Illinois law defines “supervision” as “a means of disposition and revocable release without probationary supervision, but under such conditions and reporting requirements as are imposed by the court, at the successful conclusion of which disposition the defendant is discharged and a judgment dismissing the charges is entered.” 730 ILCS 5/5-1-21.

One court has stated that “the status of a case under an order of supervision then becomes in the nature of a continuance until the conclusion of the period of supervision whereupon the court shall discharge the defendant and enter a judgment dismissing the charges if the defendant successfully complied with the conditions of supervision.” The Illinois Supreme Court has held that supervision is not a conviction.

Supervision is a permissible sentence for most Class A misdemeanors, at least for the first offense.  So offenses such as battery, retail theft, DUI or reckless driving have been “supervision eligible” but speeding was not.  The result is that for a “crime” most commonly committed by otherwise law-abiding citizens, (most often young drivers) would result in a harsher sentence than the typical misdemeanor, and they would become a convicted criminal merely for going 81 on the interstate.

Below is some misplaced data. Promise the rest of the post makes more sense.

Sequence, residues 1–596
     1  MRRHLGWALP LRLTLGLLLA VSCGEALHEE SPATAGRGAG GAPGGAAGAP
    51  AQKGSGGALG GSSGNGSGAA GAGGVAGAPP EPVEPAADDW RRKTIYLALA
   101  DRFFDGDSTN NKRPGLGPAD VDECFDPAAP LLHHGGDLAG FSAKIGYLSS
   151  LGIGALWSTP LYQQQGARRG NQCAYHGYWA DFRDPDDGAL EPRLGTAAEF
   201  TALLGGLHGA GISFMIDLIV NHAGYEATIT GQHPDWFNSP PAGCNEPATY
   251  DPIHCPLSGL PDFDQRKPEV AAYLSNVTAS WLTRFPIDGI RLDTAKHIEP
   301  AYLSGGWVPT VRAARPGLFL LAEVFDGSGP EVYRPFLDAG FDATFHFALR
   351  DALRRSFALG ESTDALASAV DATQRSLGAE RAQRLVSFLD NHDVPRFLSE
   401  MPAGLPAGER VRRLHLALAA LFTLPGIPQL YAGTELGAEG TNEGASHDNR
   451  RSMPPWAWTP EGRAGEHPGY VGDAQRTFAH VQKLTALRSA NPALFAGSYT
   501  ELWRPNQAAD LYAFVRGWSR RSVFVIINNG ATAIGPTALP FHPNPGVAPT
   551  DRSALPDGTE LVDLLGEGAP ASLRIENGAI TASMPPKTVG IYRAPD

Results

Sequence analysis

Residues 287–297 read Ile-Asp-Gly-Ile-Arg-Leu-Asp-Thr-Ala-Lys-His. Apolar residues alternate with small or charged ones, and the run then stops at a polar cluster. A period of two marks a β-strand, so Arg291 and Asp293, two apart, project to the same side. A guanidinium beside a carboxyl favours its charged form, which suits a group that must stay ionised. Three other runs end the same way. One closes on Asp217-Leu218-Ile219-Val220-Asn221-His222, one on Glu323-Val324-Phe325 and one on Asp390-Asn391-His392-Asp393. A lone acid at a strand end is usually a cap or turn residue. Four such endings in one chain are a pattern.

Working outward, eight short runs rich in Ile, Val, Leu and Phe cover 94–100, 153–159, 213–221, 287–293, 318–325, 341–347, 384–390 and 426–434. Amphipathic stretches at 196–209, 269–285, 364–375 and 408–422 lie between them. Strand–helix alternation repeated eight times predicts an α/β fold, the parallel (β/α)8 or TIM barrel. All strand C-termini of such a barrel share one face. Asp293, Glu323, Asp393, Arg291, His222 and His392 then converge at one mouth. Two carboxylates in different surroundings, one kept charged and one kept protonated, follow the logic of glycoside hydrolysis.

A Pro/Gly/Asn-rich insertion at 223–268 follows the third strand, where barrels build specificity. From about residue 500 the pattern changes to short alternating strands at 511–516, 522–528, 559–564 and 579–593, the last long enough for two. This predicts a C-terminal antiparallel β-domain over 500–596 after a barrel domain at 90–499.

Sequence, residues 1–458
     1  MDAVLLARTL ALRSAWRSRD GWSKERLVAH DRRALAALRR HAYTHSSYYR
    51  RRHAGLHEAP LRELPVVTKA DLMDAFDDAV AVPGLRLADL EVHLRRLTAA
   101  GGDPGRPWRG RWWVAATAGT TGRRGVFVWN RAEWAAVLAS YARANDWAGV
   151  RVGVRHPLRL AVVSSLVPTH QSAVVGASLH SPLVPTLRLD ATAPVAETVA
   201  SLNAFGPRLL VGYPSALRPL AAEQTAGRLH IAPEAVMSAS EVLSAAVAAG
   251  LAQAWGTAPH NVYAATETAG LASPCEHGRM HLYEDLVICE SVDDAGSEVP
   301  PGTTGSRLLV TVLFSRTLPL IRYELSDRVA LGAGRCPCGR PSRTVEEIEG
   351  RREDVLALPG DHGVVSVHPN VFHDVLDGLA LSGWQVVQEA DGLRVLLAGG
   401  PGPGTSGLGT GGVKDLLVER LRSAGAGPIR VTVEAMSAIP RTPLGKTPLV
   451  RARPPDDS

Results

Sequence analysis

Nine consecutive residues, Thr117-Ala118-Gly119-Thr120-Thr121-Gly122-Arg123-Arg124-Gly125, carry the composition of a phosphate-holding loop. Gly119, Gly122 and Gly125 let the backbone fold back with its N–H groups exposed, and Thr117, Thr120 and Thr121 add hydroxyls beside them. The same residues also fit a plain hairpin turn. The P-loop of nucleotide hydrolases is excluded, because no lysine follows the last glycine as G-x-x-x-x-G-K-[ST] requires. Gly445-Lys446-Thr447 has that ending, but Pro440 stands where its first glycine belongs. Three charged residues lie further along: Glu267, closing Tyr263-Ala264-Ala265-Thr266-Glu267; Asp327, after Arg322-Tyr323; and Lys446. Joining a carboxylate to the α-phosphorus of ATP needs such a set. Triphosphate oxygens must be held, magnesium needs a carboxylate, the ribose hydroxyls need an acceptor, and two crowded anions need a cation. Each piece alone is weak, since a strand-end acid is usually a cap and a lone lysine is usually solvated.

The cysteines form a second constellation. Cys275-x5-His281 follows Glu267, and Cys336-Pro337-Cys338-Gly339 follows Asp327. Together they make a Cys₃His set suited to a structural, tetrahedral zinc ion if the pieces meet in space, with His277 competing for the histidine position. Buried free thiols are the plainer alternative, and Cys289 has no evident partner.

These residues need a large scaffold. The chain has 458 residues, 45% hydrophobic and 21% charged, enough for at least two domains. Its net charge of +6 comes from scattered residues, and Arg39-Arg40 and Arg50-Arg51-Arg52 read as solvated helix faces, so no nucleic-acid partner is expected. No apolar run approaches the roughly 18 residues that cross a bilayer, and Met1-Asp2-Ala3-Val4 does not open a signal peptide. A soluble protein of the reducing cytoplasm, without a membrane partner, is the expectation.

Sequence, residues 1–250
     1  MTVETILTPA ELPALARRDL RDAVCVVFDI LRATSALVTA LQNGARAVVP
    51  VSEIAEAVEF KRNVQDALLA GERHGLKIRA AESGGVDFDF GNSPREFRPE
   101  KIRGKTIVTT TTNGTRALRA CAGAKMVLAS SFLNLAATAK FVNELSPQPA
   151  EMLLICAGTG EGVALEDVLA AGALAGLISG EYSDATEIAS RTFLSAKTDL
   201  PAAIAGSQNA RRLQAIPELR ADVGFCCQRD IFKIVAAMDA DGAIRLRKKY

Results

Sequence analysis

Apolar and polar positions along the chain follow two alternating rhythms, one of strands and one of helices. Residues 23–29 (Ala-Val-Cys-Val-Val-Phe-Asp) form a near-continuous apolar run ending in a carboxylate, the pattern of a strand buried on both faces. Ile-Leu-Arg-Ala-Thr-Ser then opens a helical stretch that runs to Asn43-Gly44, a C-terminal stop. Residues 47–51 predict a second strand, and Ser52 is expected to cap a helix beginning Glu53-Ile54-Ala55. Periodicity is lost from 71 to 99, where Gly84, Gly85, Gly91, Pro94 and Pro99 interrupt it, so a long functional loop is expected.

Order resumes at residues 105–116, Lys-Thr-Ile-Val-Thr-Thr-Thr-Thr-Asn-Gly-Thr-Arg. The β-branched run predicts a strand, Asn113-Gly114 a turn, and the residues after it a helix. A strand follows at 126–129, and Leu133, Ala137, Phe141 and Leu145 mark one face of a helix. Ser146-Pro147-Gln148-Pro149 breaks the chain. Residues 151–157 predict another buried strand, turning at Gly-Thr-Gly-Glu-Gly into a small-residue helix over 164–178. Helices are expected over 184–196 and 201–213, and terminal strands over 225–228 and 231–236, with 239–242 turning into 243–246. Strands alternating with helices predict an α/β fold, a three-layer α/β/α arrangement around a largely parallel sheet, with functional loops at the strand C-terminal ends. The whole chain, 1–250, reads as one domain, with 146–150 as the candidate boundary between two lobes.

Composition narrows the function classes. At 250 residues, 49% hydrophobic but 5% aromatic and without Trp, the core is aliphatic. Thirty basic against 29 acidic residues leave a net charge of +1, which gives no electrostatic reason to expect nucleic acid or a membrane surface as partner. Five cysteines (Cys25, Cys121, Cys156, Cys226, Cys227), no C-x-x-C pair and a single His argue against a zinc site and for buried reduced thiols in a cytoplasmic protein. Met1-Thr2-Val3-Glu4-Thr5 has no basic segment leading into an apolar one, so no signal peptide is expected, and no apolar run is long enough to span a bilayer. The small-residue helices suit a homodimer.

This change in the law is only common sense.  My only suggestion is that the law should be even more lenient, and allow for a sentence of supervision for this offense so long as the motorist has not had a similar offense within the past five or ten years.

The Chicago Tribune Editorial Board comes out in favor of scrapping the DUI 30 day hard time rule

Last week, I posted a blog post about a pending bill in the Illinois legislature that would end the 30 day hard time rule which prevents first time DUI offenders from getting a driving permit until they have served 30 days of their statutory summary suspension.